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India fails to get Vijay Mallya deported from Britain

Vijay Mallya

Vijay Mallya  

But U.K. agrees to consider requestfor extradition

The Indian government’s efforts to bring back Vijay Mallya through the expeditious route of deportation came a cropper when the United Kingdom on Monday expressed its inability to accede to the request.

Through a note verbale to the High Commission, it informed the investigating agencies of its inability to deport Mr. Mallya despite the fact that his diplomatic passport was revoked by the External Affairs Ministry on April 24. The note is a less formal diplomatic communication prepared in the third person. It is usually unsigned.

To consider extradition

However, according to senior government sources, the U.K. authorities have agreed to consider the government’s request for Mr. Mallya’s extradition under the 1993 treaty with India or any other necessary assistance under the Mutual Legal Assistance Treaty signed in 1992.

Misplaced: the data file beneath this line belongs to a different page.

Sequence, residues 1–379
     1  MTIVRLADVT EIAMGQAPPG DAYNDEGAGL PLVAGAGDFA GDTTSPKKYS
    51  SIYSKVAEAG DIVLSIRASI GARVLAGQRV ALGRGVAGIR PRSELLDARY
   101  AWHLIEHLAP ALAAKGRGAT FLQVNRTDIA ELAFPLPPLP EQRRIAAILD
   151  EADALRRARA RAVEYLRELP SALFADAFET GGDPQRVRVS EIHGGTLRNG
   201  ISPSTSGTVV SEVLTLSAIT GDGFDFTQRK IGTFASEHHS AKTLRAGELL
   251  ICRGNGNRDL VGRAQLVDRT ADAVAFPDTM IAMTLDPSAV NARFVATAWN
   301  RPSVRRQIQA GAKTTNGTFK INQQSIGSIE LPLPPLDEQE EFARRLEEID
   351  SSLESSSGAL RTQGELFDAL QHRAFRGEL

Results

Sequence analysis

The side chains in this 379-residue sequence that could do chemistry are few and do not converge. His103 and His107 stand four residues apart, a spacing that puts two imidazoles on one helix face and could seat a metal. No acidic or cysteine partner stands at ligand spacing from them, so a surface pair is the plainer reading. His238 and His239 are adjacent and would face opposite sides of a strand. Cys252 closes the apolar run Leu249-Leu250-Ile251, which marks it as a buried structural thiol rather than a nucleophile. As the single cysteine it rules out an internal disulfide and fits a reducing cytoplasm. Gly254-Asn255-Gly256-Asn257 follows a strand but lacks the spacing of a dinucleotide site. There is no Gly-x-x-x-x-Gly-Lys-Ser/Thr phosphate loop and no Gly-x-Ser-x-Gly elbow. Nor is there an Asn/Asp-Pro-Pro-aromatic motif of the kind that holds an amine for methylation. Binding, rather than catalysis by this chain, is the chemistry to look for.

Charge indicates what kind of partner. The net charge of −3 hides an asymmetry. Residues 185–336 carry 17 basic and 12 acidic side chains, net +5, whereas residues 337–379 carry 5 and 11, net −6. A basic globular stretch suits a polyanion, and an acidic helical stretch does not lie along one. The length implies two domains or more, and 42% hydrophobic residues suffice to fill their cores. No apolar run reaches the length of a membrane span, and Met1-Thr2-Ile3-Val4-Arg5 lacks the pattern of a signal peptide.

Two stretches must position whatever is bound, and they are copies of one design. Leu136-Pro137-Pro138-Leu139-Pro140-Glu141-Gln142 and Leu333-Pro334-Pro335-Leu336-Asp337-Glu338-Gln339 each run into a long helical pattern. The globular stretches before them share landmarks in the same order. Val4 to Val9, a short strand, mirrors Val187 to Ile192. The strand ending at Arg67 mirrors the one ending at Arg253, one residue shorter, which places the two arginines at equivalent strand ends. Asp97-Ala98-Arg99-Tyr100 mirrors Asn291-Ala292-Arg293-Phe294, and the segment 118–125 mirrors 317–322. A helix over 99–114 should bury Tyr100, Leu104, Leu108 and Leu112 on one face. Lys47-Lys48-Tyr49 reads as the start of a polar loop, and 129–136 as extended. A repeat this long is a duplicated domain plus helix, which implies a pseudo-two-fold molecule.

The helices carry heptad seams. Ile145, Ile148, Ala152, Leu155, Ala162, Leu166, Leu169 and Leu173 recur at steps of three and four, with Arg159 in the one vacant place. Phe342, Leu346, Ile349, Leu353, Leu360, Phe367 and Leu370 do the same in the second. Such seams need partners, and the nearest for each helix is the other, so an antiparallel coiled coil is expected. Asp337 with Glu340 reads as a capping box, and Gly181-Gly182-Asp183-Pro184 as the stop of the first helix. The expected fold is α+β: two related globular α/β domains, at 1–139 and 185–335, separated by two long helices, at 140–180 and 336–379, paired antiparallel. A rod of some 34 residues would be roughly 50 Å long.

Has a valid U.K. visa

A non-resident Indian, Mr. Mallya has a U.K. residency permit since 1992. The Indian government has been told that though his passport has been cancelled, he has been staying there on a valid U.K. visa. The liquor baron’s name also figures in the U.K. electoral rolls. He lives in a three-storey mansion named Ladywalk at Tewin in Hertfordshire, not far from London.

Like Lalit Modi case

Indian agencies are worried that Mr. Mallya’s case might go the Lalit Modi way. In Mr. Modi’s case too, they have not been able to make headway in bringing him back. The Interpol has also not accepted the request for a Red Notice against him.

As deportation is an executive action, it is considered to be a quicker process than extradition, in which investigating agencies have to establish prima facie culpability of the person. Besides, the accused has recourse to several defences under the extradition treaty.

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